Abodes for life in carbonaceous asteroids?

Oleg Abramov, Stephen J. Mojzsis

Research output: Contribution to journalArticle

18 Citations (Scopus)

Abstract

Thermal evolution models for carbonaceous asteroids that use new data for permeability, pore volume, and water circulation as input parameters provide a window into what are arguably the earliest habitable environments in the Solar System. Plausible models of the Murchison meteorite (CM) parent body show that to first-order, conditions suitable for the stability of liquid water, and thus pre- or post-biotic chemistry, could have persisted within these asteroids for tens of Myr. In particular, our modeling results indicate that a 200-km carbonaceous asteroid with a 40% initial ice content takes almost 60Myr to cool completely, with habitable temperatures being maintained for ~24Myr in the center. Yet, there are a number of indications that even with the requisite liquid water, thermal energy sources to drive chemical gradients, and abundant organic " building blocks" deemed necessary criteria for life, carbonaceous asteroids were intrinsically unfavorable sites for biopoesis. These controls include different degrees of exothermal mineral hydration reactions that boost internal warming but effectively remove liquid water from the system, rapid (1-10mmyr-1) inward migration of internal habitable volumes in most models, and limitations imposed by low permeabilities and small pore sizes in primitive undifferentiated carbonaceous asteroids. Our results do not preclude the existence of habitable conditions on larger, possibly differentiated objects such as Ceres and the Themis family asteroids due to presumed longer, more intense heating and possible long-lived water reservoirs.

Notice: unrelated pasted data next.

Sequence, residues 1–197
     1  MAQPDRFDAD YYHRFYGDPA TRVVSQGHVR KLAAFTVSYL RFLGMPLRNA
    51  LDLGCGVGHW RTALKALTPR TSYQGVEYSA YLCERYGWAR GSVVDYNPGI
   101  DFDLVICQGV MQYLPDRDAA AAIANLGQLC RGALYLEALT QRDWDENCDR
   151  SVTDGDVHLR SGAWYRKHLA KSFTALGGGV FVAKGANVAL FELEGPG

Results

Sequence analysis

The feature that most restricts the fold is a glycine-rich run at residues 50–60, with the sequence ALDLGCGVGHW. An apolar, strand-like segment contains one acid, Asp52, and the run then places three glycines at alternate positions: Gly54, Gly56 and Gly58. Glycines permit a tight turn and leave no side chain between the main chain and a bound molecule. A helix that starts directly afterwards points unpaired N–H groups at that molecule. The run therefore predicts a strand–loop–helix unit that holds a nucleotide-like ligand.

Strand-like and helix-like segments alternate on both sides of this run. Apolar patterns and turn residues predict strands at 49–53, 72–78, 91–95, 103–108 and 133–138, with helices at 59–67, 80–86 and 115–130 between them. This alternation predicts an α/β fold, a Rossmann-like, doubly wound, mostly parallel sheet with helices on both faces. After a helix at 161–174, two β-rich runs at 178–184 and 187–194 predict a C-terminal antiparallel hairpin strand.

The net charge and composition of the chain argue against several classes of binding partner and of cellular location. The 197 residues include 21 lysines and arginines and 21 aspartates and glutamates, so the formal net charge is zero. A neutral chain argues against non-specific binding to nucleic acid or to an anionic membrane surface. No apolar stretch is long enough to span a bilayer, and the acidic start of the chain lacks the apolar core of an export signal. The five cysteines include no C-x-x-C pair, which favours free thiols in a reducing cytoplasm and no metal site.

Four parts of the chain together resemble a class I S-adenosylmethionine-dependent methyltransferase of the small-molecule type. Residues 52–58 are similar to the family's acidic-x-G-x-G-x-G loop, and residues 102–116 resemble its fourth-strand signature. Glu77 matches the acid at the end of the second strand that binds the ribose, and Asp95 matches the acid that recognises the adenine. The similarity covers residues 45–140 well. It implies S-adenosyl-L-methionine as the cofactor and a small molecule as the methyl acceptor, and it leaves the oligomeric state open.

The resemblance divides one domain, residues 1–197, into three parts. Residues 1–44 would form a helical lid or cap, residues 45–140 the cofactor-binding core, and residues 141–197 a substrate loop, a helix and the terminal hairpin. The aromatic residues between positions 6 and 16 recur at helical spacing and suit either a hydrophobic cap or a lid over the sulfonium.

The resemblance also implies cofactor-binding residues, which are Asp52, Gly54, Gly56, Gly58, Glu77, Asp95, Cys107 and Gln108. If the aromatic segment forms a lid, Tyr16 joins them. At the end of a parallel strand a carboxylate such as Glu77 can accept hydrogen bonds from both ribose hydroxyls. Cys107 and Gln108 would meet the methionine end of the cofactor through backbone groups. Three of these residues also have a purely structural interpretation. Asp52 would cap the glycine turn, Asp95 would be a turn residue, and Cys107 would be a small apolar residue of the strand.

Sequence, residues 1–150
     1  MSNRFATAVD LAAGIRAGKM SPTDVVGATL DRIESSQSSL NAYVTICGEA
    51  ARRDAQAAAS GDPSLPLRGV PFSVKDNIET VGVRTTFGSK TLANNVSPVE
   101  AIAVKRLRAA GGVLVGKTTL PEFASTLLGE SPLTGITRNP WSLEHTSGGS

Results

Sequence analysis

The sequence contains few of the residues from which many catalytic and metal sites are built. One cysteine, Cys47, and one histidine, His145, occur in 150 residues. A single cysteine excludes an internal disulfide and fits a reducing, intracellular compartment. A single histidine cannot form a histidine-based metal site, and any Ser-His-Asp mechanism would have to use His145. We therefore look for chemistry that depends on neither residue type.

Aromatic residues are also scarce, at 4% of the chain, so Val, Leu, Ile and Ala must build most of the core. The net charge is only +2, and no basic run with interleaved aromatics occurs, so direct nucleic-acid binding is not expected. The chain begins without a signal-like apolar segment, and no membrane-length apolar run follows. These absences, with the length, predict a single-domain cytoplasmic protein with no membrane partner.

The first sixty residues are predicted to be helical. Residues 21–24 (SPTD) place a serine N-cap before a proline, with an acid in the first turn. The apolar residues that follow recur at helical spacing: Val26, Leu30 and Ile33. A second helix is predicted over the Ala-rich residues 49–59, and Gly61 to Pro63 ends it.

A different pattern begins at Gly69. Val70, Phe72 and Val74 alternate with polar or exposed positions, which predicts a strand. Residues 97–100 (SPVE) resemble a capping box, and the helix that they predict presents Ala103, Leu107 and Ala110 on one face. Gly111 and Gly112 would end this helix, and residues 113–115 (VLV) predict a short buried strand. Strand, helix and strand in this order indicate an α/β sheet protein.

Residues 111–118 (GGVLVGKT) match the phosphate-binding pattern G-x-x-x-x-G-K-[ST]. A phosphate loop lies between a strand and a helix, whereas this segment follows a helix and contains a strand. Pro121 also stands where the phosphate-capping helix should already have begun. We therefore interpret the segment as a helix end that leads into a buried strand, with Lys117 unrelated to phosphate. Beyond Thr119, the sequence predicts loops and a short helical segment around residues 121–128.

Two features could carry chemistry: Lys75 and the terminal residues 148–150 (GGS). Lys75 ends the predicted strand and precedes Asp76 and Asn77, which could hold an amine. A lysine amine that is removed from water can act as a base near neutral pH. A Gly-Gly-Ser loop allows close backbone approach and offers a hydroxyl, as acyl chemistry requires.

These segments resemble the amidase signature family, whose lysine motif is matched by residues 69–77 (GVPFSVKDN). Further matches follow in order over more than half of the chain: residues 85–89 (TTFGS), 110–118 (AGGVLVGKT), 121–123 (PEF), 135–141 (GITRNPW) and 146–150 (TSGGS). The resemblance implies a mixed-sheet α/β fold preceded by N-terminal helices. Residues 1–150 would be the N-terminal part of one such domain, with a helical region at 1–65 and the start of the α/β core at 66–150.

Original languageEnglish
Pages (from-to)273-279
Number of pages7
JournalIcarus
Volume213
Issue number1
DOIs
Publication statusPublished - May 1 2011

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Keywords

  • Astrobiology
  • Exobiology
  • Prebiotic environments
  • Thermal histories

ASJC Scopus subject areas

  • Astronomy and Astrophysics
  • Space and Planetary Science

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